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A man has been left frustrated after a 1ft-high kerb left him unable to park on his own driveway. Colin Gibson said he is now locked in a dispute with North Lanarkshire Council over the installation of a new raised kerb.

The change to the pavement was made as part of a £ 20million school project for children attending Newmains and St Brigid’s Community Hub. As part of this project, a new path was built leading up to the school.

Although Colin had no problem with the new path, it created a raised kerb preventing him from moving his car into his driveway.

The council said they approached Colin with a solution that was accepted. However, when they tried to agree on a start date for work to begin, Colin decided this wasn’t good enough.

Speaking to The Daily Record, Colin said: “The council and their contractors have constructed a path up to the new school, which is fine, but the kerb outside my house is a foot high which means there’s absolutely no way I can put either myself, my wife or my son’s car into our drive without them being damaged.”

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Colin added: “I have spoken to the council and the contractors when they were on site and asked them to do something about it but I’ve got nowhere. It’s so frustrating.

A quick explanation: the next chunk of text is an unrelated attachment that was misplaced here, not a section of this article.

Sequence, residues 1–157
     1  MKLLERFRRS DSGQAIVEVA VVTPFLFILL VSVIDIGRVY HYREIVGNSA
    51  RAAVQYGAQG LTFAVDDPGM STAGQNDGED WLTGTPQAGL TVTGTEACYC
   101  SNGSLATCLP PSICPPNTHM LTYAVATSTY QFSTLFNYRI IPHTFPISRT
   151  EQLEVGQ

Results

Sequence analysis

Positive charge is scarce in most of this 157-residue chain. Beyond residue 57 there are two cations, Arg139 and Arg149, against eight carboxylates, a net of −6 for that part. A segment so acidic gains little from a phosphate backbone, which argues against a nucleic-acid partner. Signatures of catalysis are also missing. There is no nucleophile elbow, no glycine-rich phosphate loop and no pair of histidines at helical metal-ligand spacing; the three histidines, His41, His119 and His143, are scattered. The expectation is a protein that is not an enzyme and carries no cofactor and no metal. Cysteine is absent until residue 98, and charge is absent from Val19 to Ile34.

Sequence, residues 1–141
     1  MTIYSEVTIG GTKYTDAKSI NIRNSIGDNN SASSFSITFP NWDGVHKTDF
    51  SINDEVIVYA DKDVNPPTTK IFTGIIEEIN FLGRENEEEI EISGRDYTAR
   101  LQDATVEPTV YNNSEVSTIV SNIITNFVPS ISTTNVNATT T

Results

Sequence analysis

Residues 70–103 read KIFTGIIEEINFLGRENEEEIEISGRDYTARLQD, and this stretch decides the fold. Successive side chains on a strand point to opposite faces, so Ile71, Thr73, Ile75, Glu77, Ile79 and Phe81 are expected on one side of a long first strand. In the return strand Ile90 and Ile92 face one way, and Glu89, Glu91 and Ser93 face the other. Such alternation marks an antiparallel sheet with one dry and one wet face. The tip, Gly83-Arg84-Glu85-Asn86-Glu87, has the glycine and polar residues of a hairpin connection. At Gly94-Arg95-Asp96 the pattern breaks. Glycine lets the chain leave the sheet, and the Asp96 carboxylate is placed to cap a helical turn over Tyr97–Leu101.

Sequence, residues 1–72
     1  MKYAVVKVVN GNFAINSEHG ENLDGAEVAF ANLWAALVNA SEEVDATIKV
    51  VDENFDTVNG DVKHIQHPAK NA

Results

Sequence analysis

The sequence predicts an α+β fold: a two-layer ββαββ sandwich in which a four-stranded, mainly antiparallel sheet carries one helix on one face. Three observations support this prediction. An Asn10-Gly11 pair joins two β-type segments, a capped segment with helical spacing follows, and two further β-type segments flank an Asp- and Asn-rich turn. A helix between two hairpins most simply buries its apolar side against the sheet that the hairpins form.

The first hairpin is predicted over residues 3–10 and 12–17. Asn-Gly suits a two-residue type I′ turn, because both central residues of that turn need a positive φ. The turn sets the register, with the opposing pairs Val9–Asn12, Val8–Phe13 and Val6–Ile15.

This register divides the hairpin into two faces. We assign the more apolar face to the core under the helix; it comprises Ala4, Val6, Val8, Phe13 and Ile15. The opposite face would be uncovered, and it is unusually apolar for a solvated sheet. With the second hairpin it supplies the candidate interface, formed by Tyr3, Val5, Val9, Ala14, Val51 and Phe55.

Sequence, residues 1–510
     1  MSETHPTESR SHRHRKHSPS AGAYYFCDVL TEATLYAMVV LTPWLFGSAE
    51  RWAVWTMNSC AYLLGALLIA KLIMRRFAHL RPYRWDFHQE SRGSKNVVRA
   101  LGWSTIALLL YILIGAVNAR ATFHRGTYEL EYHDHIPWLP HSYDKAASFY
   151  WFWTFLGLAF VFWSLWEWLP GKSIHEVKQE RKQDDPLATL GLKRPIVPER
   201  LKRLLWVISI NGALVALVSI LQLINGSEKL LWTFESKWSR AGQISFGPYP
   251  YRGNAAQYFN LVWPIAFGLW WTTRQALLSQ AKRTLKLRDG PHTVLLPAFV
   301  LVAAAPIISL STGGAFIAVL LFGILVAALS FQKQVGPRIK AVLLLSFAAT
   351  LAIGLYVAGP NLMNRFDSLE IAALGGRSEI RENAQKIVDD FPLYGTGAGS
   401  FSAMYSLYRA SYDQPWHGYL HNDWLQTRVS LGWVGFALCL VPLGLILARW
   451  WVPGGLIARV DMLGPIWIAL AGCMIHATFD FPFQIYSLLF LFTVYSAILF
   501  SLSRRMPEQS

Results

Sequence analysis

“In the space of a month since I have been forced to park on the street I have had two damaged wing mirrors, it’s ridiculous. I spoke to one councillor who told me to seek legal advice. Why should I have to pay for a lawyer when I have done absolutely nothing wrong and someone else has made a mess of it?”

The joint campus near Colin’s home includes Newmains Family Learning Centre for nursery children and is home to more than 500 children and staff.

A spokesperson for North Lanarkshire Council said: “Following a series of meetings between the resident and the main contractor, a proposal to provide vehicle access to the rear of the property was developed.

“However, when contractors recently approached the resident to confirm a start date for carrying out the works, they were surprised to be informed that their proposals were no longer acceptable.

“The contractors remain committed to agreeing an acceptable solution with the resident to resolve this matter.”